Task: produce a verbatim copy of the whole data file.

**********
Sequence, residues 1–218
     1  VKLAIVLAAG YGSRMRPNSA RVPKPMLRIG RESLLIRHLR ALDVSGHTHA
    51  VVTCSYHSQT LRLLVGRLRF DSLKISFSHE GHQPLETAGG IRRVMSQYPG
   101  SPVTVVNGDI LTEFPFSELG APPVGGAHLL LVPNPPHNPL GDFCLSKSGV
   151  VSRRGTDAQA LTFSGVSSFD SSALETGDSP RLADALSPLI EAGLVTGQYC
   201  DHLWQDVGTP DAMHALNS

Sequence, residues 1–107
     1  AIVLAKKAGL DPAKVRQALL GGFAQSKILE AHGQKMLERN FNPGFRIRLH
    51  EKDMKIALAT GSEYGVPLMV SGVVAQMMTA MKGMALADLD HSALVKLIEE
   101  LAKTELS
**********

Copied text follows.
Sequence, residues 1–218
     1  VKLAIVLAAG YGSRMRPNSA RVPKPMLRIG RESLLIRHLR ALDVSGHTHA
    51  VVTCSYHSQT LRLLVGRLRF DSLKISFSHE GHQPLETAGG IRRVMSQYPG
   101  SPVTVVNGDI LTEFPFSELG APPVGGAHLL LVPNPPHNPL GDFCLSKSGV
   151  VSRRGTDAQA LTFSGVSSFD SSALETGDSP RLADALSPLI EAGLVTGQYC
   201  DHLWQDVGTP DAMHALNS

Sequence, residues 1–107
     1  AIVLAKKAGL DPAKVRQALL GGFAQSKILE AHGQKMLERN FNPGFRIRLH
    51  EKDMKIALAT GSEYGVPLMV SGVVAQMMTA MKGMALADLD HSALVKLIEE
   101  LAKTELS